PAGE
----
Who is Nobel Peace Prize winner Narges Mohammadi? | Women’s Rights News

When the chair of the Norwegian Nobel Committee announced the winner of the peace prize, Narges Mohammadi, she recited a slogan associated with the women’s rights movement in Iran.

“Women, life, freedom,” Berit Reiss-Andersen said on Friday.

Mohammadi is a prominent Iranian human rights activist and physicist who has been fighting against the oppression of women in Iran.

Here is what we know about the Nobel Peace Prize winner:

Who is Narges Mohammadi?

Mohammadi’s focus is on the fight for women’s rights in the region. The 51-year-old is also a writer and deputy director of the Defenders of Human Rights Center (DHRC).

She also works on broader human rights issues, such as campaigning against the death penalty and corruption.

“She has worked for human rights for everyone in Iran, so this is going to be a huge boost to the human rights defenders centre and one that is putting her work in Iran on the map,” Henrik Urdal, director of the Peace Research Institute, told Al Jazeera.

Why did she win the peace prize?

Mohammadi won the prize “for her fight against the oppression of women in Iran and her fight to promote human rights and freedom for all”, according to the Norwegian Nobel Committee.

She has worked on Iranian women’s fight against oppression for the past 30 years.

She has contributed to the grassroots movement in Iran by empowering women through education and advocacy. Her work has included organising protests and sit-ins and writing essays.

Is Mohammadi in jail?

Mohammadi is currently serving a 12-year sentence in Evin Prison in Tehran for charges that include spreading propaganda against the state.

This is not Mohammadi’s first sentence.

She was first arrested in 2011 and held in Evin.

She was again arrested in 2015, days after she was charged in court with crimes against national security, propaganda against the state and forming an illegal group called Step by Step to Stop the Death Penalty, Mohammadi told the US-based International Campaign for Human Rights in Iran.

She was held in Zanjan Central Prison and released in 2020 after her sentence was reduced.

“The regime has arrested her 13 times, convicted her five times and sentenced her to a total of 31 years in prison and 154 lashes,” Reiss-Andersen said at the announcement ceremony in Oslo, Norway.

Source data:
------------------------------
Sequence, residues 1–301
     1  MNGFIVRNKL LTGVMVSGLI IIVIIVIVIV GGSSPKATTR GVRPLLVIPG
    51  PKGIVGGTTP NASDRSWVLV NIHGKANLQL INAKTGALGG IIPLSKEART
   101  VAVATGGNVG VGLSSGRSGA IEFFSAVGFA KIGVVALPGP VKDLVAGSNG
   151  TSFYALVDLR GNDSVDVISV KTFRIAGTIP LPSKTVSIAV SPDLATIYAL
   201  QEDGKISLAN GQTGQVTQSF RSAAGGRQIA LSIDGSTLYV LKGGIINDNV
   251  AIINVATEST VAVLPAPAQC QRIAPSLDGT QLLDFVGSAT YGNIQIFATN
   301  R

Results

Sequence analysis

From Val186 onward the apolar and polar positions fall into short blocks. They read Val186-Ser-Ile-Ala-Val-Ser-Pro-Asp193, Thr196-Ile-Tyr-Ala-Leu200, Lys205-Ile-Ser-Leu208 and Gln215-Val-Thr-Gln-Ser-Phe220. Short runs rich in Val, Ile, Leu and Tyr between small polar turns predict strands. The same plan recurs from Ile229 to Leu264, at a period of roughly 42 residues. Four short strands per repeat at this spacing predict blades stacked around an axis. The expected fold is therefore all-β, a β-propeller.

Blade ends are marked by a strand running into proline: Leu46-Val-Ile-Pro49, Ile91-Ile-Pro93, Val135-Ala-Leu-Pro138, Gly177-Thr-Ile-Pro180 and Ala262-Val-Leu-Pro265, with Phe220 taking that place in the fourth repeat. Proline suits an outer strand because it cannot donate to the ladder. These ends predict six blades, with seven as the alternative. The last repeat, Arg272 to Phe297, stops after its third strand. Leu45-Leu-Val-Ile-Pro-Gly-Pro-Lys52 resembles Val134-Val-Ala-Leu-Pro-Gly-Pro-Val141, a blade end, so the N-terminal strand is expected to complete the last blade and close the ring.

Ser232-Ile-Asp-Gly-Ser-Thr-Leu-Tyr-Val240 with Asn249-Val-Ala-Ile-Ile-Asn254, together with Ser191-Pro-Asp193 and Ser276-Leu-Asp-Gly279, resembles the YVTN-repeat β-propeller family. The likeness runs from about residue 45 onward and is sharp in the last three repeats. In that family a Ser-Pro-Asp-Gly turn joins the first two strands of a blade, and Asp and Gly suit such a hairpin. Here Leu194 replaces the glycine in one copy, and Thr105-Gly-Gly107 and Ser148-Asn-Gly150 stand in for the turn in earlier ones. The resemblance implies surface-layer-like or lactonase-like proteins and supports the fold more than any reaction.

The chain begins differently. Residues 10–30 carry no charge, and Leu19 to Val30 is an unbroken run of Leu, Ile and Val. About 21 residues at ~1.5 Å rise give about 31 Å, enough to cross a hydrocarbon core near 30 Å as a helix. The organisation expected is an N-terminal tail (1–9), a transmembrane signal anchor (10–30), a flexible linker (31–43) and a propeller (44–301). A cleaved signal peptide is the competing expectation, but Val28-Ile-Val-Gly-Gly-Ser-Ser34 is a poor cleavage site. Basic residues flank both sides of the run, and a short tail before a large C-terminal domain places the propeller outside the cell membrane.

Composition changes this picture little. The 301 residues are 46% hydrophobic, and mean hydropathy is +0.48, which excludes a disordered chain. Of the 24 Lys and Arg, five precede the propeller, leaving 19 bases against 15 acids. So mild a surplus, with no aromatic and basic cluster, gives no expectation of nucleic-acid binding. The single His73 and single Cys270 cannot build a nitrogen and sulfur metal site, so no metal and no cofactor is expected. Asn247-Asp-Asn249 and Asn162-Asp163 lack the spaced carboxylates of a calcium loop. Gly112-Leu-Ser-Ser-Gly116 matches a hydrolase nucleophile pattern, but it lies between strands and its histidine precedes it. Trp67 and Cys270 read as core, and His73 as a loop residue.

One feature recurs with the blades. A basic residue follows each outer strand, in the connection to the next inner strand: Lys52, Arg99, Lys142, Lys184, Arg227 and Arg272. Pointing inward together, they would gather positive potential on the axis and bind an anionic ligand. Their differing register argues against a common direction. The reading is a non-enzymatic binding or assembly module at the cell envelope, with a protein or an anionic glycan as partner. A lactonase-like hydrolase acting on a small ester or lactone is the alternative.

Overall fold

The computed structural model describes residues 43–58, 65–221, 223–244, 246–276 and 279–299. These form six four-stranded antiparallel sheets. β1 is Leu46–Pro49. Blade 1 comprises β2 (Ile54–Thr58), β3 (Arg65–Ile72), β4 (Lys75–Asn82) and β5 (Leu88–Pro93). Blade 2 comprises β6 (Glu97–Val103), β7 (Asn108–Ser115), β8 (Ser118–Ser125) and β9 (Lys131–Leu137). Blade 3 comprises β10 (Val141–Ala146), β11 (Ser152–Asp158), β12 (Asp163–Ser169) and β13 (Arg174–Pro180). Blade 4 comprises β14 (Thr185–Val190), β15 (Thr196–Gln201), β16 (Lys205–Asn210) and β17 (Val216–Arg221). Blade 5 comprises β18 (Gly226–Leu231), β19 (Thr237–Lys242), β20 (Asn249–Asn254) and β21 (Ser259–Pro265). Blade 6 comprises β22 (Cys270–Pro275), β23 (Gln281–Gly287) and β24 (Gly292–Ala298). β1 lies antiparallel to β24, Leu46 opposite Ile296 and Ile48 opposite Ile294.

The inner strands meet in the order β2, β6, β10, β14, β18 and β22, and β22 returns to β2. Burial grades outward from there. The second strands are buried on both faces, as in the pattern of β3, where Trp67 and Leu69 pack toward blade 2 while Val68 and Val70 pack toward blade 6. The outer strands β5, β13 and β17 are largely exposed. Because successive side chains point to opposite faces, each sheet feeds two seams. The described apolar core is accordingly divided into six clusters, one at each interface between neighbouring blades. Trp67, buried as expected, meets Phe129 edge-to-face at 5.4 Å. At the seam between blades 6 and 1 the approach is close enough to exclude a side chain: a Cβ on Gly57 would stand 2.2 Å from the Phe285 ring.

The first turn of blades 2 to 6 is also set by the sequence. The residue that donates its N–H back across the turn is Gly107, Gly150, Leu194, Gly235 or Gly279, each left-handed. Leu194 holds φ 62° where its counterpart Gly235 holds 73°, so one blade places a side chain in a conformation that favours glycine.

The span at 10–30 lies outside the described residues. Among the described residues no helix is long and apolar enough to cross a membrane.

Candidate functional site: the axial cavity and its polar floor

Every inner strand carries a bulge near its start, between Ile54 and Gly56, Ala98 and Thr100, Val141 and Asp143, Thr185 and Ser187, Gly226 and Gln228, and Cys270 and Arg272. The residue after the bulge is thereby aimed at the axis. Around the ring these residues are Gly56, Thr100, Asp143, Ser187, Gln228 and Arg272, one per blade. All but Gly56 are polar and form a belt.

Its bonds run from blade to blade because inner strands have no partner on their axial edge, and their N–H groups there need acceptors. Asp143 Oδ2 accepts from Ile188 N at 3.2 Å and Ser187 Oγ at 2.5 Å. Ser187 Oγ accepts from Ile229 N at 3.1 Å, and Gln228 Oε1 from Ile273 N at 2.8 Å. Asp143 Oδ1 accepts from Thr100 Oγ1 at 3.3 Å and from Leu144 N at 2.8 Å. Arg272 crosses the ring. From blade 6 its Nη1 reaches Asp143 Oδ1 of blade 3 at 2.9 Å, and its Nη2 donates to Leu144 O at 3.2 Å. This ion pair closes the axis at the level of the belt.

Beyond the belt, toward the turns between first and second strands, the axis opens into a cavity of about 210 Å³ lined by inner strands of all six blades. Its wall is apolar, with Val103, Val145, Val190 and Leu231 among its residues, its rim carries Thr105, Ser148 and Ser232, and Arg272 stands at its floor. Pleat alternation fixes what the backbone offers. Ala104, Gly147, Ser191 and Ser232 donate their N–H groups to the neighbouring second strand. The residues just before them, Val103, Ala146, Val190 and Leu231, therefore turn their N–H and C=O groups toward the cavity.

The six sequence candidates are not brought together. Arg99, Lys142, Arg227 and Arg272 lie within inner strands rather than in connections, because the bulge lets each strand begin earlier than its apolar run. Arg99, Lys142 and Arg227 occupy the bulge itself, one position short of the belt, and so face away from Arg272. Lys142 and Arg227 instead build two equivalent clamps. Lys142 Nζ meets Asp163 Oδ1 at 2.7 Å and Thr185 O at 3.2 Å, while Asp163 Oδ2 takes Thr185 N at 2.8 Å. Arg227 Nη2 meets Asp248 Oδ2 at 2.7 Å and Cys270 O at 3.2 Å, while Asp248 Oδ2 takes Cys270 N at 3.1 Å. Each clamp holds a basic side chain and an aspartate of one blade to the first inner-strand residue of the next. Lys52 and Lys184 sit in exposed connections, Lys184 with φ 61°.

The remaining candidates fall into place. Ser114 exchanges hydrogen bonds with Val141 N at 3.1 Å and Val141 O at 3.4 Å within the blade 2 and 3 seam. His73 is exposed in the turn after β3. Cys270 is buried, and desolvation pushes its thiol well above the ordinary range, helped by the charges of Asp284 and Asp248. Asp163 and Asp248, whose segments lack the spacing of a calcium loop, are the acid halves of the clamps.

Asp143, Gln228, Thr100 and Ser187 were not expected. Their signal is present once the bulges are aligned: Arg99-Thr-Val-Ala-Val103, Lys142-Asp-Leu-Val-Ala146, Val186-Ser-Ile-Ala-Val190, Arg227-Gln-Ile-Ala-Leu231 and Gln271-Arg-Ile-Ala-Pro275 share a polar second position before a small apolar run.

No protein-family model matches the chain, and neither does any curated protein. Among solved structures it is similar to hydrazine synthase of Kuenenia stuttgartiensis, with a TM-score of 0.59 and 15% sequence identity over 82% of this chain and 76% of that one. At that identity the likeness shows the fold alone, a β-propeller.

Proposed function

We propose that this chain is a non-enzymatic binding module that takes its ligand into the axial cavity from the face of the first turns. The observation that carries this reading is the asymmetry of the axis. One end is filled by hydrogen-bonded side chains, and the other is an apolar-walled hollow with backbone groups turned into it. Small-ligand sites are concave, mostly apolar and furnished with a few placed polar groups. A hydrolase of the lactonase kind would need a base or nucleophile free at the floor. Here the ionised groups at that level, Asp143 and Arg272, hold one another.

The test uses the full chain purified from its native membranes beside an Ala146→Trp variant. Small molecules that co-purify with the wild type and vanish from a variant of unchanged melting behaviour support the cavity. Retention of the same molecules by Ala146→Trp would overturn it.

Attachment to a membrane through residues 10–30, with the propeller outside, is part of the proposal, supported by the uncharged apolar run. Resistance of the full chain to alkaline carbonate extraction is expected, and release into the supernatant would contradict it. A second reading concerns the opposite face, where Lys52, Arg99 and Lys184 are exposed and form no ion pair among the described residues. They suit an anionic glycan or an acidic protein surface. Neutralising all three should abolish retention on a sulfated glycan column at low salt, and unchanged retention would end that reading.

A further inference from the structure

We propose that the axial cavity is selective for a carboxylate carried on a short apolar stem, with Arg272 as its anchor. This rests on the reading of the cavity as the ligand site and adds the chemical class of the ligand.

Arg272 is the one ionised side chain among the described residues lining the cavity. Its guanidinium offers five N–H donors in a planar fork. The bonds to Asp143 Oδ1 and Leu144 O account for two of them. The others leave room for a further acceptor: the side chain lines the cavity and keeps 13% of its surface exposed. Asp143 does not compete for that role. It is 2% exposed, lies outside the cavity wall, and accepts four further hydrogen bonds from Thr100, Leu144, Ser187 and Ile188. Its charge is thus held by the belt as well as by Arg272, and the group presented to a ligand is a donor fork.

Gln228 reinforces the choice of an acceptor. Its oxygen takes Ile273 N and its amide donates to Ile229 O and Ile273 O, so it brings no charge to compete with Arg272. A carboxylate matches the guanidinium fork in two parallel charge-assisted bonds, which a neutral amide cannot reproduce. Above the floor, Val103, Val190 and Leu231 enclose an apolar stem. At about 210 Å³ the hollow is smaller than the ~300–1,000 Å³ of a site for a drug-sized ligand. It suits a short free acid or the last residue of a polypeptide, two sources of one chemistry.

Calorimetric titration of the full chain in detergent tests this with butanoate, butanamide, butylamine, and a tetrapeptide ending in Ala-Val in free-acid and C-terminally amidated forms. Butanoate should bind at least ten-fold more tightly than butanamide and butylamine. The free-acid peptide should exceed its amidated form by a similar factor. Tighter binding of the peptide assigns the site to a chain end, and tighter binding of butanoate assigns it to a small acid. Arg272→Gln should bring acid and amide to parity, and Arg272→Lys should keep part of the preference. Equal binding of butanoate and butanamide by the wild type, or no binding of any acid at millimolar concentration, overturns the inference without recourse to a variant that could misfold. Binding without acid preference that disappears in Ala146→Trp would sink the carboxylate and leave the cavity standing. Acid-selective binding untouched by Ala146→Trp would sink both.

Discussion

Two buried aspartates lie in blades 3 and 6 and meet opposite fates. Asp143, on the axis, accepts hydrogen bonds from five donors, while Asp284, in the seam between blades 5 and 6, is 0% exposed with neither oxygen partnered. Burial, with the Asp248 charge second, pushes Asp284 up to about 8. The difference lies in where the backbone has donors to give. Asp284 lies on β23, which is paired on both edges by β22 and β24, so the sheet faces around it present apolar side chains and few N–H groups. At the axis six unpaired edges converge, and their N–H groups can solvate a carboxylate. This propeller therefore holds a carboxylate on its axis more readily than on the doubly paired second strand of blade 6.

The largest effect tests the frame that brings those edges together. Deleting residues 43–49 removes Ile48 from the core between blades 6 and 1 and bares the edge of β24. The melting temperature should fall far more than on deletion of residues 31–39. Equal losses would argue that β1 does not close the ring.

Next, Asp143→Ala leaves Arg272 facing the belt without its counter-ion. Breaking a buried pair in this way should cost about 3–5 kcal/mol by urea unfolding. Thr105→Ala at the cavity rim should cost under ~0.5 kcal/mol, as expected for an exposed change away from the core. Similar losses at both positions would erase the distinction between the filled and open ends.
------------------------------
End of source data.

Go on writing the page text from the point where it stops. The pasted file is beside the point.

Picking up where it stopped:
Mohammadi on Mahsa Amini

In September 2022, Mahsa Amini, 22, was arrested in Tehran by the morality police for alleged non-compliance with Iran’s dress code. She was taken to a re-education centre where she collapsed. She was then taken to a hospital where she died a few days later.

Mohammadi said the day of Amini’s death has become a day that symbolises “the oppression of the theocratic authoritarian regime against Iranian women” in a message sent from prison, according to Radio Free Europe Radio Liberty.

After protests against Amini’s death broke out in Iran, Mohammadi has continued to report her experience of abuse as a woman in Evin Prison.

“What the government may not understand is that the more of us they lock up, the stronger we become,” she wrote for The New York Times.

Her work with Shirin Ebadi

Mohammadi is the second Iranian woman to win the Nobel Peace Prize after Shirin Ebadi won the award in 2003 for her efforts to promote democracy and human rights.

Ebadi is an Iranian human rights activist and lawyer. In 1975, she was the first female judge to be appointed in the Iranian judiciary. She is also the first Muslim woman to win the Nobel prize. She has campaigned for the reform of Iran’s family law, including matters of divorce, inheritance and child protection.

Mohammadi has worked closely with Ebadi and is the deputy director of DHRC, which was founded by Ebadi.

Health and family

Mohammadi’s work has come at the cost of her health. She reportedly suffers from a lung condition and a neurological disorder that causes muscular paralysis.

She has not been able to meet her husband and two children due to her imprisonment.

“This Nobel Prize will embolden Narges’s fight for human rights, but more importantly, this is in fact a prize for the women, life and freedom [movement],” said Mohammadi’s husband and activist Taghi Ramahi.

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